A nurse in the cardiac unit smiled as Paul passed by; she was accustomed to his wandering the halls at all hours. As Paul approached Arthur’s room, he heard the sound of someone thrashing about in the bed, but the call light over the door wasn’t on. He quickened his step. Inside the room, he saw Arthur clutching the call button. The old man’s eyes were wild as he convulsed. Red lights flickered and flashed on the heart monitor. Paul spun about and ran down the corridor. Colliding into the nurse’s station, he shouted, “218, convulsions! 218, red lights!” The charge nurses’ fingers flew at the keyboard. Seconds later, she ran down the corridor. Code numbers and “room 218” repeatedly blared from the P.A. system. Lights flashed, people and equipment seemed to materialize and head toward Arthur’s room. Paul tried to stay out of the way as he made his way back. He leaned against the corridor wall where he could look into the room. All he could see was the backs of medical staff clustered around the bed.
After several minutes, Paul found a chair. He began thinking about how he had come to be here. As he sat, he drifted back to the moment of peace and comfort he’d experienced in the rain.
Paul didn’t know how long he’d been sitting when a nurse began to wheel a gurney out of the room. Quickly he stood. As the gurney passed, he could see Arthur breathing comfortably. Following the group of medical staff out of the room, the charge nurse stopped in front of Paul.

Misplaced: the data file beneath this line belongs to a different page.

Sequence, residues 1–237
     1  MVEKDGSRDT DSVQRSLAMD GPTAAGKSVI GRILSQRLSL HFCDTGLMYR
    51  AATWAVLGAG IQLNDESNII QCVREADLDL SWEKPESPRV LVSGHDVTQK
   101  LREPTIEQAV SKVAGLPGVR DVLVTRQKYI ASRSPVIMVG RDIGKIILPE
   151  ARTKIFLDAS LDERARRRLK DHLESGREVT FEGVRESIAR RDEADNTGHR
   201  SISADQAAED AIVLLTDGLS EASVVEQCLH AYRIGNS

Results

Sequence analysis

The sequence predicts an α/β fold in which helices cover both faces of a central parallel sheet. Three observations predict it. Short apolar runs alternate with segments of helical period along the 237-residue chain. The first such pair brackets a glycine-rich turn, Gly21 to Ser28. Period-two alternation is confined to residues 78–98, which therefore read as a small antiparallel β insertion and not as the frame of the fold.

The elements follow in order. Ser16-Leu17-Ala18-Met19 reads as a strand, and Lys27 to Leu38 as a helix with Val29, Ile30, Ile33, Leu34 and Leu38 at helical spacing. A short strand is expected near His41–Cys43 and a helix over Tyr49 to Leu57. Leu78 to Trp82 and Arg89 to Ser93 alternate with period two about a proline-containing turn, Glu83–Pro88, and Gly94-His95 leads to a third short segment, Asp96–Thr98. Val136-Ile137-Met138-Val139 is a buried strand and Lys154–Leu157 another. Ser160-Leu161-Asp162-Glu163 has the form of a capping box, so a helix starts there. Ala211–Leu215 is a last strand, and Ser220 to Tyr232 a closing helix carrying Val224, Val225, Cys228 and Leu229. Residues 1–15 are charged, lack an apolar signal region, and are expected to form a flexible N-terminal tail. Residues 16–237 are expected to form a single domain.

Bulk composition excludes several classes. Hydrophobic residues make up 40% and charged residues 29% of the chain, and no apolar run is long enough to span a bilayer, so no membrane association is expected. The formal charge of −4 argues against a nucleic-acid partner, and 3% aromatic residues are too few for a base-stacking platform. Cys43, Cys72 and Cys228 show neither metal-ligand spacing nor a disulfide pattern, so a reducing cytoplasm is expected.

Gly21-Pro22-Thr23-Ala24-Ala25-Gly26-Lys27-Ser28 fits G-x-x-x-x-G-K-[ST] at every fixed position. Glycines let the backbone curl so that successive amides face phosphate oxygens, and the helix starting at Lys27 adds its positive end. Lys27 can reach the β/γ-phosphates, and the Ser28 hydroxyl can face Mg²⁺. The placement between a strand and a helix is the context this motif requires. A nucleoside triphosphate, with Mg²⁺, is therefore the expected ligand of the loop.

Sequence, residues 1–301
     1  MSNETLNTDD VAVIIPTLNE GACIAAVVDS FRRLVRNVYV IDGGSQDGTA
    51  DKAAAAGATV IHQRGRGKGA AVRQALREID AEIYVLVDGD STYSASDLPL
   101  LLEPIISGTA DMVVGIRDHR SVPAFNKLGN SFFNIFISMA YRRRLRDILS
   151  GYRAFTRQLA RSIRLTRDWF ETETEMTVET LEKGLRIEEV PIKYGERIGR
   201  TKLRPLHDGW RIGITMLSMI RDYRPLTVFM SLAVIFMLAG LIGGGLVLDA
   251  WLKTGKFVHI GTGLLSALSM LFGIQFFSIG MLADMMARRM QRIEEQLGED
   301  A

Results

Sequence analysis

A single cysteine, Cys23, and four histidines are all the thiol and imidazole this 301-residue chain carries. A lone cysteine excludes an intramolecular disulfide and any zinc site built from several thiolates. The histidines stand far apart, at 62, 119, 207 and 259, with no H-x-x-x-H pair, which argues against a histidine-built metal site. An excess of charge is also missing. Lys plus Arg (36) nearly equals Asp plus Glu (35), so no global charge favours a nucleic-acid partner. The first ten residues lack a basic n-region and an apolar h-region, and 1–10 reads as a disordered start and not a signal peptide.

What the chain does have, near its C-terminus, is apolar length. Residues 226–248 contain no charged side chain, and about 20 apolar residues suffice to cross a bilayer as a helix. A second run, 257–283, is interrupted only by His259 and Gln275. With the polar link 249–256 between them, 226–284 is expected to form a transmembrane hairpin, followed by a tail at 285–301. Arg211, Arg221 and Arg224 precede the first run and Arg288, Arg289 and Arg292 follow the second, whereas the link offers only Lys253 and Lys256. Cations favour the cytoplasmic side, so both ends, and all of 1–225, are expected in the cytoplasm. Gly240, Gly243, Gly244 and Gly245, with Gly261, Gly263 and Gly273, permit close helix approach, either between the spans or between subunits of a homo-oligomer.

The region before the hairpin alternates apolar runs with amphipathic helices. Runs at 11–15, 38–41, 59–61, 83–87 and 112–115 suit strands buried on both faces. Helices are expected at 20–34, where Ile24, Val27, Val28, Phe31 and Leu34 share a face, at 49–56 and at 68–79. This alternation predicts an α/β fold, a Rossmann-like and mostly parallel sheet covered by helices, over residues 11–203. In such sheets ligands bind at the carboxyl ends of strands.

“You may have saved his life, you know,” she said with a smile.
“He’s going to be all right, then?” Paul asked.
“He had a cardiac arrest but, thanks to you, we got to him in time. He’ll be in ICU for a while, so we can keep a closer eye on him, but he should recover fully. I still can’t believe that actually happened.” She said shaking her head.
“What did happen?” Paul queried.
“The call bell failed at the same time that the communication between his heart monitor and the nurses’ station failed. The odds of that happening are huge. And then, for you to come walking in—just as it happened—those odds are too big to contemplate!” The nurse shook her head again.
“Well, Paul hesitated …I …I just had a strange feeling …I …I’m glad that I decided to check in on him.”
The nurse gave Paul a puzzled look, then excused herself.
In the hospital parking lot, Paul sat in his car—thinking. He’d just performed the single most important act of his entire life, he’d saved a life, but there had been no planning or forethought. It was more a case of . . . of—he groped at the unfamiliar concept—of being in the right state of mind. Yes, that was it! When he was in that state of experiencing unity with all around him, it was as if he could somehow hear, or sense, Arthur’s need. Gradually, Patti’s last words, “I must go now, so that you may receive your gift,” came back to him. Was the epiphany he’d experienced earlier the gift? Paul wondered. Did she have to leave for him to be brought low enough to receive it? Probably, he thought sadly. As long as she was with him, he’d have continued to plan and scheme to manipulate or organize the world around him. Tonight, he’d experienced being a part of events instead of trying to influence them. It was, Paul realized, a gift beyond . . . beyond . . . beyond . . . what? Somewhat awed, he sat there struggling to find the words.
As the grey light of dawn crept over the parking lot, the drizzle became rain. Paul still didn’t start the car. He gave himself over to enjoying the drumming of the rain on the roof—and becoming one with it. He didn’t have anything to do. He didn’t have anywhere to go. In fact, he realized, he didn’t have anything to prove. What he should do next would become clear soon enough. Meanwhile, he’d enjoy the waiting. Wrapped in a warm, new sense of self, Paul smiled, “Thanks Patti”.